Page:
CVS 4 ANS and the CVS and Cellular and Molecular events Flashcards Preview

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Flashcards in CVS 4 ANS and the CVS and Cellular and Molecular events Deck (58):
1

How do neurones exert actions?

Via smooth muscle, viscera and secretory glands

2

What are the relative nerve lengths in the sympathetic nervous system?

Pre-ganglionic- short
Post-gangionic- long

3

Where are cell bodies in sympathetic outflow?

Nerve fibres have cell bodies in all 12 thoracic sections and in the first 2 lumbar sections

4

What neurotransmitter do pre-ganglionic nerves in the sympathetic nervous system use?

Aceytl choline

5

What type of receptor do post-ganglionic sympathetic neurones express?

Nicotinic

6

What neurotransmitter do post-ganglionic sympathetic neurones express?

noradrenaline

7

What receptors do sympathetic effectors express?

adreno receptors: alpha 1 & 2, beta 1 & 2

8

Which sympathetic postganglionic synapses are an exception being cholinergic?

perspiration and ejaculation pathways

9

What does the ANS exert control over?

smooth muscle (vascular and visceral)
exocrine secretion
rate and force of contraction in the heart

10

What is the origin of the parasympathetic division

Craniosacral

11

What is the relative length of parasympathetic neurones?

long pre-ganglionic
short post-ganglionic

12

What neurotransmitter do pre-ganglionic parasympathetic neurones use?

Acetyl choline

13

What receptors do post ganglionic parasympathetic neurones express?

nicotinic

14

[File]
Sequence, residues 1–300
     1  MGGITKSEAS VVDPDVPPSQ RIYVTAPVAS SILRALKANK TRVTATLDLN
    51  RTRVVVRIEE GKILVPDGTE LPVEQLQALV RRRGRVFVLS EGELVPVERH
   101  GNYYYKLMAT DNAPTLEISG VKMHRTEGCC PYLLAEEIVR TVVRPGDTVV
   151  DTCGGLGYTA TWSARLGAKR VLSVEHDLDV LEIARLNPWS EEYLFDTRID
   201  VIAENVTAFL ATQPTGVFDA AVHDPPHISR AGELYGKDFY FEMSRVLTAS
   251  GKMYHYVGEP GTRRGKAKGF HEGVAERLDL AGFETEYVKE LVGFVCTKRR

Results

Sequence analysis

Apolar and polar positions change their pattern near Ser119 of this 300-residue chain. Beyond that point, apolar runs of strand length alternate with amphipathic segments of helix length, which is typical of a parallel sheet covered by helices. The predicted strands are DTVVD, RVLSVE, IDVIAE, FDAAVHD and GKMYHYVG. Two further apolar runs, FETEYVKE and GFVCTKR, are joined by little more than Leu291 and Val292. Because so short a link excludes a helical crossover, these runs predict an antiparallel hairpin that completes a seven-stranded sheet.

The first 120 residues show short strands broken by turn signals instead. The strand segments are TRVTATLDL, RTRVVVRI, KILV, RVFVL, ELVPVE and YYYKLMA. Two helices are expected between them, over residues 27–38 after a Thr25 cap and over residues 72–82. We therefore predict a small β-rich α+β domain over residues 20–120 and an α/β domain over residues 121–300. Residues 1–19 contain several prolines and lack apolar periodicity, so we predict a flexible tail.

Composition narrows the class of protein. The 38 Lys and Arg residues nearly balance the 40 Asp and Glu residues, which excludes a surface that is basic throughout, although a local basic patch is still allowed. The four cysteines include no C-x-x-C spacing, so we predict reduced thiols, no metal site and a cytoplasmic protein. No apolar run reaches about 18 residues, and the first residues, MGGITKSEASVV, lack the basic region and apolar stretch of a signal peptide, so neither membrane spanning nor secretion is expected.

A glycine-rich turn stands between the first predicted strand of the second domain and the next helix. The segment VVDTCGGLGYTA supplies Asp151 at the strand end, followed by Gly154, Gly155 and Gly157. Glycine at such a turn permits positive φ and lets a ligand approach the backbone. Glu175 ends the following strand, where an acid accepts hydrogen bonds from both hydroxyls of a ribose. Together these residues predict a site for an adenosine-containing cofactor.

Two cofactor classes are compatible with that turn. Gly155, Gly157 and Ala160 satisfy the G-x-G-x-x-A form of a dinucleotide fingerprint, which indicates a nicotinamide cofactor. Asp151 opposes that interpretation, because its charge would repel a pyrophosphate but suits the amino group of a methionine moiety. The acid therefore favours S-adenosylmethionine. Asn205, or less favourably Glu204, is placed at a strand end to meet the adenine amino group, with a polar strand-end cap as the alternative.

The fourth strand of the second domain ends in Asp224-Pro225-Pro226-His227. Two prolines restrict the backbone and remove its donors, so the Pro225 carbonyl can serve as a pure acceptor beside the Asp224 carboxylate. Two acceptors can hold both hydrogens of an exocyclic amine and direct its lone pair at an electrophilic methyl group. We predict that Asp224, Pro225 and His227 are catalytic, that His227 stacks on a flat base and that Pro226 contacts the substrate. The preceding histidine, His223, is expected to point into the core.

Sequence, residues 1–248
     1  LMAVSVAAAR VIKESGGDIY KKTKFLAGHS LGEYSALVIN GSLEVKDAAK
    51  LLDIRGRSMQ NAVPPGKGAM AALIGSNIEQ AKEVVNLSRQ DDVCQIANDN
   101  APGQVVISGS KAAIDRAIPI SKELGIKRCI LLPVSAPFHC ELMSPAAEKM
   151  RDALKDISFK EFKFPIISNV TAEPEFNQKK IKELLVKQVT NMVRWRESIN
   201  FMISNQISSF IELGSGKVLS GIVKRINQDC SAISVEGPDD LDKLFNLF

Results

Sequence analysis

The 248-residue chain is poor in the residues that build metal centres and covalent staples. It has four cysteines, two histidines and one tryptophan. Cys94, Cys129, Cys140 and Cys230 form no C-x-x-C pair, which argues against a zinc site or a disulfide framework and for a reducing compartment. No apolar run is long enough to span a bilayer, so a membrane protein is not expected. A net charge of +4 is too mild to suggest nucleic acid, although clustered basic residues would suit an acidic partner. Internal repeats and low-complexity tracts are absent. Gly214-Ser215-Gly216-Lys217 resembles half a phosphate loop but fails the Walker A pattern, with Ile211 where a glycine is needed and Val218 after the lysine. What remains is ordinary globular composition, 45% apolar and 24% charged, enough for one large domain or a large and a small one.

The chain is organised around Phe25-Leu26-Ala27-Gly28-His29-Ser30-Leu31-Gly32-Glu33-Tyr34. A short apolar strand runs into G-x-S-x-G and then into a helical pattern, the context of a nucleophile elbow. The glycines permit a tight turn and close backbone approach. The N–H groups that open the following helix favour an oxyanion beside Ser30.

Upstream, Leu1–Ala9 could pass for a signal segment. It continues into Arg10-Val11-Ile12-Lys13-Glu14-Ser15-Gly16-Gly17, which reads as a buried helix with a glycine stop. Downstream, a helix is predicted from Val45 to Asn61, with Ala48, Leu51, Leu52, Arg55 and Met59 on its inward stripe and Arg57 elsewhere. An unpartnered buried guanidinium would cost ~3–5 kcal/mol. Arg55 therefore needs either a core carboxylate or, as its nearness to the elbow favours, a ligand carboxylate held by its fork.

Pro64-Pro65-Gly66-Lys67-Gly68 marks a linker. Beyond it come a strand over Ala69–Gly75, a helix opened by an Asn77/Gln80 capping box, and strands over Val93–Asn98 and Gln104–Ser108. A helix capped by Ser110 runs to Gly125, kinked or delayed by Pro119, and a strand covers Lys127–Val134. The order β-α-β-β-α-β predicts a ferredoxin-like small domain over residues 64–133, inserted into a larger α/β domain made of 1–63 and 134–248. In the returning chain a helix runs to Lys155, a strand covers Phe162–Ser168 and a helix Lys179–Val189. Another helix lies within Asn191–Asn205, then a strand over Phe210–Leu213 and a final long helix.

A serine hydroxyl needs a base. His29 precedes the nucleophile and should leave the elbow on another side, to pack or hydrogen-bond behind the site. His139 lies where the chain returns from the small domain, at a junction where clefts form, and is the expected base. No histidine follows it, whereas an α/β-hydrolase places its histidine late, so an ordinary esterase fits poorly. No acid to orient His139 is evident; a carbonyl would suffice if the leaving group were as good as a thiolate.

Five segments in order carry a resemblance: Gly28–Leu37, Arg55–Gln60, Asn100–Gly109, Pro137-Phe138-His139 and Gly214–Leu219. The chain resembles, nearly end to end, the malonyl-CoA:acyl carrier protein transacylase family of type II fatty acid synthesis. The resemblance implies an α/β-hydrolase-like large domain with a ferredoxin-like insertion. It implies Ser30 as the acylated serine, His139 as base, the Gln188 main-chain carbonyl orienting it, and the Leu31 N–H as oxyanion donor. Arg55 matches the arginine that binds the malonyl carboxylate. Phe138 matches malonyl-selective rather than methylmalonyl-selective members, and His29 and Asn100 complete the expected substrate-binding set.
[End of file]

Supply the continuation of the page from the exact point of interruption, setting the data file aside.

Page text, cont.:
What neurotransmitter do postganglionic parasympathetic neurones us?

Acetyl choline

15

What receptors to parasympathetic effectors express?

muscarinic, g protein coupled

16

What type of receptors are present in the heart?

Sympathetic- b1 adrenoreceptor- increases rate/force of contraction
Parasympathetic- M2- decreases rate

17

What type of receptors are present in the airways?

Sympathetic- b2 adrenoreceptor- relax
Parasympathetic- M3- contract

18

What type of receptors are in the pupil?

Sympathetic-a1- dilation
Parasympathetic- M3- contraction

19

What type of receptors are in sweat glands?

Sympathetic- a1 localised secretion
m3-generalised secretion

20

How do nicotinic receptors work?

They have an ion channel and allow sodium influx

21

What are chromaffin cells?

Like special postganglionic sympathetic neurones that release adrenaline into the bloodstream

22

What is the origin of the pregangionic parasympathetic fibres to the heart?

10th cranial nerve- vagus nerve

23

Where do parasympathetic fibres to heart synapse with postganglionic fibres?

epicardial surface or within walls of heart at SAN and AVN

24

What do M2 receptors in the heart do?

decrease heart rate (-ve chronotropic effect)
decrease AVN conduction velocity

25

Where are the ganglions for the smpathetic input to the heart?

sympathetic trunk

26

Where do the sympathetic fibres innervate the heart?

SAN, AVN and myocardium

27

What do the b1 receptors do in the heart?

positive chronotropic effect
positive inotropic effect

28

How does depolarisation in the SA node occur?

slow depolarising pacemaker potential towards threshold, If- funny current, once above threshold causes opening of fast Ca2+ channels.

29

How does the ANS effect pacemaker potentials?

Sympathetic- increases slope gradient, g-protein receptors increasing cAMP speeding up pacemaker potential
Parasympathetic- decrease slope gradient, g protein receptors increasing K+ conductance and decrease cAMP

30

How does noradrenaline increase force of contraction?

acts of b1 receptors in myocardium, increasing cAMP
Ca2+ channels phosphorylated increasing Ca2+ entry during AP
increased uptake of Ca2+ in SR
increased sensitivity of contractile machinery to Ca2+
so increased force of contraction

31

What innervation do most blood vessels receive?

sympathetic (except some specialised tissue like erectile)
most arteries have a1 adrenoreceptors, coronary and skeletal muscle vasculature also have B2 receptors